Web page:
Data does not have to be stored in the same location as it is used. In an organisation with many different offices, each office will need access to data. Where many locations require access to the same database then a distributed database is used.
This is where each location that requires data has an entire copy of the database in its own location
Central database with local indexes
An index is data structure that works like the index in a book. It contains references to the data that allow it to be looked up and accessed quickly
The database is held in a central location and the indexes, either those specific to a particular office/shop or all of them, are held locally. This allows each individual lovsation to perform processing locally and to use the central database for retrieval of a specific record.
This is where parts of the data are stored at different locations. No single locstiong stores all the data
There are two types of partitioning: vertical and horizontal
This is where the data is partitioned based on the individual fields. You end up with a new table that contains only those fields that are not required.
An office for example, may only be given access to certain fields within the date. For example, pay fields may not be accessible. Normalisation is a type of vertical partitioning
This is where the date is partitioned based pn records. The data is split into different tables and each table contains exactly the same structure. However, each table will contain different rows. This can be used where only certain people/offices need data that is relevant to them.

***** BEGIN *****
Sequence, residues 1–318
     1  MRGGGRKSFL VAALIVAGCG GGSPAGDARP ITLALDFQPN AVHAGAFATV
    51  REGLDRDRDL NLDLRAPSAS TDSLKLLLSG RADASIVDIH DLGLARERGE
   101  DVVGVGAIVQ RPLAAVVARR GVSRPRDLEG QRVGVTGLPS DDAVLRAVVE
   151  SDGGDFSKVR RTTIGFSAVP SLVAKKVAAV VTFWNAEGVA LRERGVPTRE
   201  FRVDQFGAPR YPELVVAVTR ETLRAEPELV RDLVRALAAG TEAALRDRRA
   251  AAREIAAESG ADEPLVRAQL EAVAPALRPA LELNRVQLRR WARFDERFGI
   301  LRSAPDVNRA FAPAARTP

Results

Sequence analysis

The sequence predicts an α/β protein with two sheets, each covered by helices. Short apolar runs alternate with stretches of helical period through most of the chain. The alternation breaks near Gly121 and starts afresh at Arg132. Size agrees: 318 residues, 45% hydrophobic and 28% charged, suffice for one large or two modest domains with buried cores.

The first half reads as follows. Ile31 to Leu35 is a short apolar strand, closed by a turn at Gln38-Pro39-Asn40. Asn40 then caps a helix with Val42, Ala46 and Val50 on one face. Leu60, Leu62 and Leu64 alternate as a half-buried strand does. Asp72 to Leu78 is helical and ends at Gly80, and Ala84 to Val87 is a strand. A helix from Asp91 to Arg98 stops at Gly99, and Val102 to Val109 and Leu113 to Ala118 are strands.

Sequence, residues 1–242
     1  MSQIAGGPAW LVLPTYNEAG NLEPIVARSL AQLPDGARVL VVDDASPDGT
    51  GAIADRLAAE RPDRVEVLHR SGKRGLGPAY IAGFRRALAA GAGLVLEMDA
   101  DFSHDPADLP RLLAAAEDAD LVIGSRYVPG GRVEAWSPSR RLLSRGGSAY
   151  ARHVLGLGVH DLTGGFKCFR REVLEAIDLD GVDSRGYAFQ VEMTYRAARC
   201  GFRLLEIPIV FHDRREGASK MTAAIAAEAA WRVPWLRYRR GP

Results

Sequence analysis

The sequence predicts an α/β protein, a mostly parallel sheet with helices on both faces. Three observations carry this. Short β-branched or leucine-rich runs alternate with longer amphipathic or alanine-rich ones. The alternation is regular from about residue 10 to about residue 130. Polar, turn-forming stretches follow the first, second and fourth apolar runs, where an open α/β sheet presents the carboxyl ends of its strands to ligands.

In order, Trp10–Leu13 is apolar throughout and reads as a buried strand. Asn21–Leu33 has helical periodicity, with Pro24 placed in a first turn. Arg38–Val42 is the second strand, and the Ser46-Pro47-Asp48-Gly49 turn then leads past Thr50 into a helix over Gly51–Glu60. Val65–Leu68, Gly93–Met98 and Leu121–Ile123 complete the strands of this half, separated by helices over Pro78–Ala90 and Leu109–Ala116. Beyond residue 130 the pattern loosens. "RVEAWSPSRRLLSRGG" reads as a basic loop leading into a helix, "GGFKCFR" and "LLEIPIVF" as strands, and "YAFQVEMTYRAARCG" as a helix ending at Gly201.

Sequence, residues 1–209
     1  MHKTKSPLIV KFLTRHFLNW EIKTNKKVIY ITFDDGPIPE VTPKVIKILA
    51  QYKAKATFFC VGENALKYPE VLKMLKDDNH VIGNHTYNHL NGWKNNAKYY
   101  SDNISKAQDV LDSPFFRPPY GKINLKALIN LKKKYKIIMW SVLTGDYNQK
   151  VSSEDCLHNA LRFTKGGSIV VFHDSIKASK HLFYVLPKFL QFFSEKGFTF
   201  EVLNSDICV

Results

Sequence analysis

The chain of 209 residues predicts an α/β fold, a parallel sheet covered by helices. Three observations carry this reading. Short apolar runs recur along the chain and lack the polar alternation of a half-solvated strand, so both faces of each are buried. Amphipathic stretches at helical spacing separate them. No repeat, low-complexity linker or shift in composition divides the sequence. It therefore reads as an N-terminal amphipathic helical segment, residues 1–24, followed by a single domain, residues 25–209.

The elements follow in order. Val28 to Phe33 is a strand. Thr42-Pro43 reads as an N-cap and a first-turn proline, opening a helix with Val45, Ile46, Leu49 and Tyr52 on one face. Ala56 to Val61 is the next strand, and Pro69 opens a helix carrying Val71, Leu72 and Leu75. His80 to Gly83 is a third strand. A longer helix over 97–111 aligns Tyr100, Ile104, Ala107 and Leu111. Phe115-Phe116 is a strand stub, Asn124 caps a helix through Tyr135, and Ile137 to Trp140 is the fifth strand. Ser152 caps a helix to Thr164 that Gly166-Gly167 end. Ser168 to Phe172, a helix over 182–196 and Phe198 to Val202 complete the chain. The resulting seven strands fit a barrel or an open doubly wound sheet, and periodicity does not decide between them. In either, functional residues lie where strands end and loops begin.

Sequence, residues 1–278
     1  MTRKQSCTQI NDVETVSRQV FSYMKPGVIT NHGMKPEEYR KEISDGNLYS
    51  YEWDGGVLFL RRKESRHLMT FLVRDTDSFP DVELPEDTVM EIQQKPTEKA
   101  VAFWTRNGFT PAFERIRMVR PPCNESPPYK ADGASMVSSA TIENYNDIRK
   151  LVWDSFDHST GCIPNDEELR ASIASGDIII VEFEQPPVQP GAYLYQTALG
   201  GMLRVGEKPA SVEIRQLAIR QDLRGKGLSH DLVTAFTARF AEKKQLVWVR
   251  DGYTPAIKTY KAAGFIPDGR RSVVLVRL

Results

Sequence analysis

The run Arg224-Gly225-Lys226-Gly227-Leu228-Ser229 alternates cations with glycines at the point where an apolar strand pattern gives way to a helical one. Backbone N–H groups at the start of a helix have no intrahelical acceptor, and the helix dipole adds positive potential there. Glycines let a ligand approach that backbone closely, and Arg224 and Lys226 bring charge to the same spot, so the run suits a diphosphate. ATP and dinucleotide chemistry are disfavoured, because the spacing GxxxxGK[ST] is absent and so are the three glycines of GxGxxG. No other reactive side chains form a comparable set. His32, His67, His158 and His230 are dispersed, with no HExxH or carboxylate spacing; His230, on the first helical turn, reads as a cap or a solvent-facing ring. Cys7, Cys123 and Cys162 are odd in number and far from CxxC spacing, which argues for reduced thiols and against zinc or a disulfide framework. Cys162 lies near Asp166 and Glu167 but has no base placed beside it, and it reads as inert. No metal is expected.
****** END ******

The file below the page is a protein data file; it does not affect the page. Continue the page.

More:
Use of distributed databases
Speed - How quick is it go run queries and obtain the date that is required
Security - Keeping the data secure, backed up and maintaining the integrity and consistency of the data.
Flexibility - changing the date structure and queries to meet the needs of an organisation
Storage space required and communication links
Speed is high because of local access
Security is down to the individual locations - multiple copies of tgevdats govr access points. Backing up is the responsibility of individuals but there are multiple copies if something goes wrong
Data integrity and consistency are major problem as a change in one database needs to be reflected throughout all of them. There are also more potential points of access for viruses
Every location needs a complete copy of the database - this increases the amount of storage and backup space required. Communication links are required to perform updates to each site. If the link is down, the integrity and consistency of the data suffers
Where a local index exists speed is relatively high. Only data is transferred, no processing is required centrally. If the query and report is not available locally, then the speed is slower. Security is…